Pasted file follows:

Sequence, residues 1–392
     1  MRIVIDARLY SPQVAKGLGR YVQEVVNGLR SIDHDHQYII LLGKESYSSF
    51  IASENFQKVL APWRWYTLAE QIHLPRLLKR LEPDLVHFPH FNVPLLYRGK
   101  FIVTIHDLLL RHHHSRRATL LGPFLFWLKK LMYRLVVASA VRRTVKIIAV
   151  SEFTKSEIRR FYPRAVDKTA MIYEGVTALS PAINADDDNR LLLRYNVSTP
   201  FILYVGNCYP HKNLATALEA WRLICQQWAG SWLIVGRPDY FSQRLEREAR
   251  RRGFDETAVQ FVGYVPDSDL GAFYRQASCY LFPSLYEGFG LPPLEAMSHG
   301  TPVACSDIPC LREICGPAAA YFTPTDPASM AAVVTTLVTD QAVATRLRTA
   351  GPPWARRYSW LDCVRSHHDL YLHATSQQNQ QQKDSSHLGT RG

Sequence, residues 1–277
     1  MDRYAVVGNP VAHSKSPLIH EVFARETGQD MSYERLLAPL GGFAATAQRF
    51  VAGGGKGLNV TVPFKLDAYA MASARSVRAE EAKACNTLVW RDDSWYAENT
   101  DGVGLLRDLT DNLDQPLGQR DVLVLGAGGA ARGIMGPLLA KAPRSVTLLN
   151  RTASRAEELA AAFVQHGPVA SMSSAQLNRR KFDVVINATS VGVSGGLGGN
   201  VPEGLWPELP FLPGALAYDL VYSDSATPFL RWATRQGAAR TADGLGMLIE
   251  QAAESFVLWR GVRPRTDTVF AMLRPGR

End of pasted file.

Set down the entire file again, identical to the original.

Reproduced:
Sequence, residues 1–392
     1  MRIVIDARLY SPQVAKGLGR YVQEVVNGLR SIDHDHQYII LLGKESYSSF
    51  IASENFQKVL APWRWYTLAE QIHLPRLLKR LEPDLVHFPH FNVPLLYRGK
   101  FIVTIHDLLL RHHHSRRATL LGPFLFWLKK LMYRLVVASA VRRTVKIIAV
   151  SEFTKSEIRR FYPRAVDKTA MIYEGVTALS PAINADDDNR LLLRYNVSTP
   201  FILYVGNCYP HKNLATALEA WRLICQQWAG SWLIVGRPDY FSQRLEREAR
   251  RRGFDETAVQ FVGYVPDSDL GAFYRQASCY LFPSLYEGFG LPPLEAMSHG
   301  TPVACSDIPC LREICGPAAA YFTPTDPASM AAVVTTLVTD QAVATRLRTA
   351  GPPWARRYSW LDCVRSHHDL YLHATSQQNQ QQKDSSHLGT RG

Sequence, residues 1–277
     1  MDRYAVVGNP VAHSKSPLIH EVFARETGQD MSYERLLAPL GGFAATAQRF
    51  VAGGGKGLNV TVPFKLDAYA MASARSVRAE EAKACNTLVW RDDSWYAENT
   101  DGVGLLRDLT DNLDQPLGQR DVLVLGAGGA ARGIMGPLLA KAPRSVTLLN
   151  RTASRAEELA AAFVQHGPVA SMSSAQLNRR KFDVVINATS VGVSGGLGGN
   201  VPEGLWPELP FLPGALAYDL VYSDSATPFL RWATRQGAAR TADGLGMLIE
   251  QAAESFVLWR GVRPRTDTVF AMLRPGR